Farmhouse sinks, deconstructed
As anyone who has ever seen a knockout kitchen in a Nancy Meyers flick knows, farmhouse sinks aren’t just for those inclined to churn butter. What originated as a spacious receptacle for buckets of water in rural households without plumbing can now be found everywhere from the Martha’s Vineyard summer home of Lynn de Rothschild (yes, of those Rothschilds) to sleek, urban bachelor/ette pads.
With signature deep basins and long faucets, farmhouse sinks are equipped for your multifunctional needs. Dive into a deep-dish scrub, bathe a dirty beast (of the child or dog variety), or store ice for a party’s worth of brewskis. On social media, one can spot sinks overflowing with flowers, but their stone, steel—and even leather and lava—finishes make them a statement piece all on their own.
16th century: European households put deeper, more durable sinks to the test with everything from food prep to the washing of clothes and children. Designed to ease labor-intensive tasks, the lower position and removal of a cumbersome, sharp-edged countertop provide ideal ergonomics for those who bend over to perform their duties.
- Butler sinks: Butlers soak and scour large items in the pantries of Britain’s landed gentry. Hence, the larger size of the sink to which they lend their title.
- Belfast and London sinks: Apron-front designs cater to coastal and deep-welled water supplies with more or less drainage, respectively.
19th century: The French create a more elegant model with thin walls constructed out of fine, white clay from Limoges, an area still known for its exquisite porcelain. Nevertheless, they retain the sink’s trademark strength.
1920s: Now made in trendy cast iron, farmhouse sinks sweep through the American market.
1940s-70s: Copper, nickel, and other resources are gobbled up by the war effort. Then, in the postwar boom, American middle-class families opt for affordable mass-produced undermount sinks in stainless steel.
May 23, 2013: Fixer Upper with Chip and Joanna Gaines debuts on HGTV, ushering in the age of the Modern Farmhouse.
2015: The popularity of farmhouse sinks spills into laundry rooms and mudrooms.
June 2020: The OED adds the word “farmhousey” to its dictionary.
August 2020: Worldwide searches for “farmhouse sink” on Google hit an all-time high.
By the numbers
1st: The top province for Google searches for “farmhouse sink” over the past 12 months is Nova Scotia, followed closely by New Brunswick, Saskatchewan, and Ontario.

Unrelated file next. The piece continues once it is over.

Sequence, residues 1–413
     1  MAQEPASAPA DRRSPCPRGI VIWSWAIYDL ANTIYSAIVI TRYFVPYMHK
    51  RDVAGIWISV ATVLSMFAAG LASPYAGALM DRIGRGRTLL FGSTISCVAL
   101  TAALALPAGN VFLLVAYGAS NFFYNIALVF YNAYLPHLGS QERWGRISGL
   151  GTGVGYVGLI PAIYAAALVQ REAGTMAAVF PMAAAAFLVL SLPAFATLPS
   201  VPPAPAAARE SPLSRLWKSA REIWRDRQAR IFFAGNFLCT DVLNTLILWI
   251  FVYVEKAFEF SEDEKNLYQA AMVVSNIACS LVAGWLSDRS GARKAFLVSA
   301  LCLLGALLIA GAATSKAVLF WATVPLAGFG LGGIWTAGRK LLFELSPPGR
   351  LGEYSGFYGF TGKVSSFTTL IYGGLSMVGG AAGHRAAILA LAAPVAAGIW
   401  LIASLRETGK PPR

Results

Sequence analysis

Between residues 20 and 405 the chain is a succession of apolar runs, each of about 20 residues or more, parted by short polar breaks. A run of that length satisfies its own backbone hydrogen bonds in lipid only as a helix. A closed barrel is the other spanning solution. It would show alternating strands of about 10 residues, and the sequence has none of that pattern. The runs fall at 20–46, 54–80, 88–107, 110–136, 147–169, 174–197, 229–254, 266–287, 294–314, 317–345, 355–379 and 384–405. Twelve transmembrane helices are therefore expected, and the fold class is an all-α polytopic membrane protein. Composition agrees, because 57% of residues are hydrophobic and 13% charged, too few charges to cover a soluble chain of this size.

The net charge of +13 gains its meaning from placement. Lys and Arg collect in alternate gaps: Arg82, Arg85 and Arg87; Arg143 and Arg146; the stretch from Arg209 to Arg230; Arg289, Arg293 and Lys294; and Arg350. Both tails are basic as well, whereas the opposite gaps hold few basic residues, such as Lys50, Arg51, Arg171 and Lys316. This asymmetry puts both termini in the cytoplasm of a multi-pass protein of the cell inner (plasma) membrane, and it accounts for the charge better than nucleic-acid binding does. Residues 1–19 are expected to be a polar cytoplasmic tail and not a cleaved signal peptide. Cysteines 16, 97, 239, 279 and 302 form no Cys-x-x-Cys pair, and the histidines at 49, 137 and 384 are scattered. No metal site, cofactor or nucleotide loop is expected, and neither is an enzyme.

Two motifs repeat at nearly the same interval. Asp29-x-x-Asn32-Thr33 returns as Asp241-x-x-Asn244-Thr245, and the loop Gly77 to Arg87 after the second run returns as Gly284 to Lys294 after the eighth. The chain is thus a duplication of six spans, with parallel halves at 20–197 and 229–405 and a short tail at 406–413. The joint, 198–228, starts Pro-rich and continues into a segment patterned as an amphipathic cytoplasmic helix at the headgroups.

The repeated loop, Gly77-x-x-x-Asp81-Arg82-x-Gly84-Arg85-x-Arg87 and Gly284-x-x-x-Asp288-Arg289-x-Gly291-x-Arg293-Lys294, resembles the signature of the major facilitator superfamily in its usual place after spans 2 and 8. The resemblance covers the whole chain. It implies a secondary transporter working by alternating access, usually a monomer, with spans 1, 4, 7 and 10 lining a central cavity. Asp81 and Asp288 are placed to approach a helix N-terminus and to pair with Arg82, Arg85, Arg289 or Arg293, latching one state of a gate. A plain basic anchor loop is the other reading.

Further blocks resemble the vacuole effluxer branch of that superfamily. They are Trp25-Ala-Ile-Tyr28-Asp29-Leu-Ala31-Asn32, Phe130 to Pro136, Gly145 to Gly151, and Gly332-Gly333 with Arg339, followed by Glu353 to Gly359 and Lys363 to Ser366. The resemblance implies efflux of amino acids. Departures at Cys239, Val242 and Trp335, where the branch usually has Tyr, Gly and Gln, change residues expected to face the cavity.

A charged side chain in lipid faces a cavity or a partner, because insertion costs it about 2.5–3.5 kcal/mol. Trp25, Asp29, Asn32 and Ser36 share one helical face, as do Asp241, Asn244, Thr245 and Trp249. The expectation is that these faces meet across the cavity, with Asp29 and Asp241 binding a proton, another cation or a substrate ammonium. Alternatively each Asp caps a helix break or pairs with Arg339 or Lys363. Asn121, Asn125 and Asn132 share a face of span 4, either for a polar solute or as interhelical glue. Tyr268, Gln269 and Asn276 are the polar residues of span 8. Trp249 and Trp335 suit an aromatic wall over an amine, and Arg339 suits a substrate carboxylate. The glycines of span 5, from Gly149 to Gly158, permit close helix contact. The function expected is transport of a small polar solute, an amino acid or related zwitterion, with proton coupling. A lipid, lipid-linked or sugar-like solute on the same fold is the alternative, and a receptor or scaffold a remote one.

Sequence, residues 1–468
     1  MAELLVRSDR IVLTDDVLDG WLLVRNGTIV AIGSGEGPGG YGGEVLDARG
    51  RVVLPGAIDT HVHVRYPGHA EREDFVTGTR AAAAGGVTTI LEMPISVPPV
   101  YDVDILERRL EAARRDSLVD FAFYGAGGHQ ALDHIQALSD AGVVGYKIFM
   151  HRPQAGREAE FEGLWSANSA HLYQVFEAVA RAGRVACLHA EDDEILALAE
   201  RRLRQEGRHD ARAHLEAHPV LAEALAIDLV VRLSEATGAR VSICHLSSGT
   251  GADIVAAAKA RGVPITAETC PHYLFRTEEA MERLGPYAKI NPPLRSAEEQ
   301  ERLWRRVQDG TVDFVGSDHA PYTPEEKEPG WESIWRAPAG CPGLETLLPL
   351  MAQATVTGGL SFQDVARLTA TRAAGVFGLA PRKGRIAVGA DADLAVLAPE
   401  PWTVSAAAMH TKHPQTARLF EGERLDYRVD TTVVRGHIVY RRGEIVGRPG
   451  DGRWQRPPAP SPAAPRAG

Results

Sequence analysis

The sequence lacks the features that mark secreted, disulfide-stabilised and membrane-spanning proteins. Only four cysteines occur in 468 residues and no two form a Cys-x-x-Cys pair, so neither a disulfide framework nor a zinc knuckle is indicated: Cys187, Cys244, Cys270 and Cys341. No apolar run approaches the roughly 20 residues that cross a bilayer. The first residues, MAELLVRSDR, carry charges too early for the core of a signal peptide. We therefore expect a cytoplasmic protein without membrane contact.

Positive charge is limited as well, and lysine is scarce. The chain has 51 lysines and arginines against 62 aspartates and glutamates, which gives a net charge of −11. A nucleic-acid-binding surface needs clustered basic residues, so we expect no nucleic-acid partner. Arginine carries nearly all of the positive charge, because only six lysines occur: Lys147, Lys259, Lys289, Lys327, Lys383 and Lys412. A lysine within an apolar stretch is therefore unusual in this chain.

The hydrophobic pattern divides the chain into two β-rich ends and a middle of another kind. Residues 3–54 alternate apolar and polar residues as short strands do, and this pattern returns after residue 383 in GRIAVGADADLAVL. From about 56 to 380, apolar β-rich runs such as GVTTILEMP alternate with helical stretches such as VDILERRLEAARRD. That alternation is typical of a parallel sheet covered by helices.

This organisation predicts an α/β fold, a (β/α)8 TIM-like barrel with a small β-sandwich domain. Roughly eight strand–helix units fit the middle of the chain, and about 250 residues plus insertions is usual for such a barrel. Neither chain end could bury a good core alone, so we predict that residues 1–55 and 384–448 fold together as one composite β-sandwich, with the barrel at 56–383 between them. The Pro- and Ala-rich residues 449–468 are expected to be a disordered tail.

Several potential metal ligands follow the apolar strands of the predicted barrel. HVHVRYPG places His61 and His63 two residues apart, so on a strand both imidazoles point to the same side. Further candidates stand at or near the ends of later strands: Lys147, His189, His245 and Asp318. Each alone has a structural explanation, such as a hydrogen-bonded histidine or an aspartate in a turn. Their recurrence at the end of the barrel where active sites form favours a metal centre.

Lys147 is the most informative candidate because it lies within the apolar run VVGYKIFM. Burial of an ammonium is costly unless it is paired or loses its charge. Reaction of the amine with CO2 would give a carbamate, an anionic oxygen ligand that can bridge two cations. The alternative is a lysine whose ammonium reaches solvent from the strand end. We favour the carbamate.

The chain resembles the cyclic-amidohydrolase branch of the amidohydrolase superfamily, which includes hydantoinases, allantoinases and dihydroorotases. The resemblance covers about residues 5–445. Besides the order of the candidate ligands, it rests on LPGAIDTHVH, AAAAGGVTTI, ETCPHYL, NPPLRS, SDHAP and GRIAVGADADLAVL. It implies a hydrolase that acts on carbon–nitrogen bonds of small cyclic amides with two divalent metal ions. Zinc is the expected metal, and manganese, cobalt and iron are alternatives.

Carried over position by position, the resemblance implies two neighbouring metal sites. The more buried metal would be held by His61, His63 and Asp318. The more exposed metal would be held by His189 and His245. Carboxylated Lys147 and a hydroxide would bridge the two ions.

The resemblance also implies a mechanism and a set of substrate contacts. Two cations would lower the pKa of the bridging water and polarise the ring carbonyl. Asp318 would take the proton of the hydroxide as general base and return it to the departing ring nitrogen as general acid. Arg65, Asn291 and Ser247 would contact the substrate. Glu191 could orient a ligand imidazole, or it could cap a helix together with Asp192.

5: The number of years Kohler has reported “steady sales growth” for its farmhouse sinks.
$200-$300 and up: The baseline cost for farmhouse sinks on Wayfair.
82.5K (and counting): The number of posts tagged #farmhousesink on Instagram (#apronsink and #butlersink trail the more common name by tens of thousands of posts).
$4,015-$6,545: The approximate cost of a Tuscan Farmhouse Carrara Marble Sink from DeVol “machined from a single block of fine Italian marble” (the same type of marble Michelangelo used to sculpt the David).
Farmhouse sinks, three ways
Leaning into country warmth like Gisele and Tom? Mixing finishes like Nate Berkus? Opening up kitchen space with “vintage vibes” like Oprah? Whether you are OG or cutting edge, get the ideas flowing with these three farmhouse sink styling trends:
- Traditional: Sticklers for early modern European sensibilities settle for nothing less than porcelain or the high shine and stain resistance of fireclay, chosen for its ability to endure rough treatment. But watch out for wine glasses. These harder surfaces are less forgiving than stainless steel.
- Modern Minimalism: An all-white, easy-to-clean ceramic sink blends in with white counters and cabinetry. Match the color or material of the faucet with small kitchen details to personalize the aesthetic. For an ultra-modern touch, opt for a stainless-steel sink to blend in with other alloy appliances.
- Rustic Romantic: Style your under-sink area with a curtain and reap the rewards of fluid access. Getting to choose curtain patterns offers another chance to add personality to your kitchen décor if mute colors aren’t your preference.
In pop culture
Published May 2021, a humor piece in The New Yorker describes buying a farmhouse sink as a way to get revenge on an ex: “I need to hurt him with expensive homewares the way he savaged me with a SoulCycle instructor named Dyanne,” it reads. “A farmhouse sink, a double oven, and a walk-in microwave complete our parade of fixtures and appliances.”
The history of farmhouse sinks is a testament to their timelessness and lasting appeal. These sinks have been a staple in homes for centuries, and their popularity shows no signs of slowing down anytime soon. Whether you're renovating your kitchen or building a new home, a farmhouse sink is a great addition that will not only add rustic charm to your space but also provide functionality and durability that will stand the test of time.
With so many styles and materials available, anyone can find the perfect farmhouse sink to suit their needs and style preferences. If you're in the market for a new sink, don't hesitate to consider a farmhouse sink; you won't be disappointed.
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Michael Belcher is a writer, educator, and design obsessive living in Montréal, Québec. His film write-ups are published each year in conjunction with the Image+Nation film festival and he was a finalist in The Fiddlehead’s 2021 Fiction Contest. Michael teaches Creative Arts, Media Studies, and English Literature at Collège LaSalle.
Billdr Magazine is an online publication packed with design trends and inspiration, expert insights, and personal home renovation stories. From planning a major renovation to navigating construction and maintaining your beautiful home, Billdr Magazine is here for you.